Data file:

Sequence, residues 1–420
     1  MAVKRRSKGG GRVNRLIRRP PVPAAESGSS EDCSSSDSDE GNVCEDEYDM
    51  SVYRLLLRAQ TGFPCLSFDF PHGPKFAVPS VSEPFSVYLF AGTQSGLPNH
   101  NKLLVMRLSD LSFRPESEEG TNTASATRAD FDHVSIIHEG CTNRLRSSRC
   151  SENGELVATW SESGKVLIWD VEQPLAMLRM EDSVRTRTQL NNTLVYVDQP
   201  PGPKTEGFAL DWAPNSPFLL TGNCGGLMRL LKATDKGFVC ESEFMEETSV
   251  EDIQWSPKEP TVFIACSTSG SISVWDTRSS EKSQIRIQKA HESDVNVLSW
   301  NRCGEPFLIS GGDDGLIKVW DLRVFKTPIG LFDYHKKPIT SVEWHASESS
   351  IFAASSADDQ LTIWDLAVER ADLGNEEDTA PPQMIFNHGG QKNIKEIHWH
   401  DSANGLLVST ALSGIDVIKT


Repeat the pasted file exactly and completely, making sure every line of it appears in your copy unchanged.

Sequence, residues 1–420
     1  MAVKRRSKGG GRVNRLIRRP PVPAAESGSS EDCSSSDSDE GNVCEDEYDM
    51  SVYRLLLRAQ TGFPCLSFDF PHGPKFAVPS VSEPFSVYLF AGTQSGLPNH
   101  NKLLVMRLSD LSFRPESEEG TNTASATRAD FDHVSIIHEG CTNRLRSSRC
   151  SENGELVATW SESGKVLIWD VEQPLAMLRM EDSVRTRTQL NNTLVYVDQP
   201  PGPKTEGFAL DWAPNSPFLL TGNCGGLMRL LKATDKGFVC ESEFMEETSV
   251  EDIQWSPKEP TVFIACSTSG SISVWDTRSS EKSQIRIQKA HESDVNVLSW
   301  NRCGEPFLIS GGDDGLIKVW DLRVFKTPIG LFDYHKKPIT SVEWHASESS
   351  IFAASSADDQ LTIWDLAVER ADLGNEEDTA PPQMIFNHGG QKNIKEIHWH
   401  DSANGLLVST ALSGIDVIKT